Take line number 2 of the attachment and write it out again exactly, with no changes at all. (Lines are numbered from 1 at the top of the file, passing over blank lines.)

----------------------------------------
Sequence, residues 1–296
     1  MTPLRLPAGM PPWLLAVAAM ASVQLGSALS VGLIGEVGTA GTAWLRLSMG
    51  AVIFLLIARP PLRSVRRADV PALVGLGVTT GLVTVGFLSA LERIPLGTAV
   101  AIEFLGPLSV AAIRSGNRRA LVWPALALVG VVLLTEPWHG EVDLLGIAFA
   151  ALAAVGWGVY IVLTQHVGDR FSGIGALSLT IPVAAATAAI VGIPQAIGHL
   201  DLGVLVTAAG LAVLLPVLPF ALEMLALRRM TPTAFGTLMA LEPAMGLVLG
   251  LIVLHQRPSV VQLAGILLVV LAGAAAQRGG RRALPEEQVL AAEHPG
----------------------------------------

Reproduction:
     1  MTPLRLPAGM PPWLLAVAAM ASVQLGSALS VGLIGEVGTA GTAWLRLSMG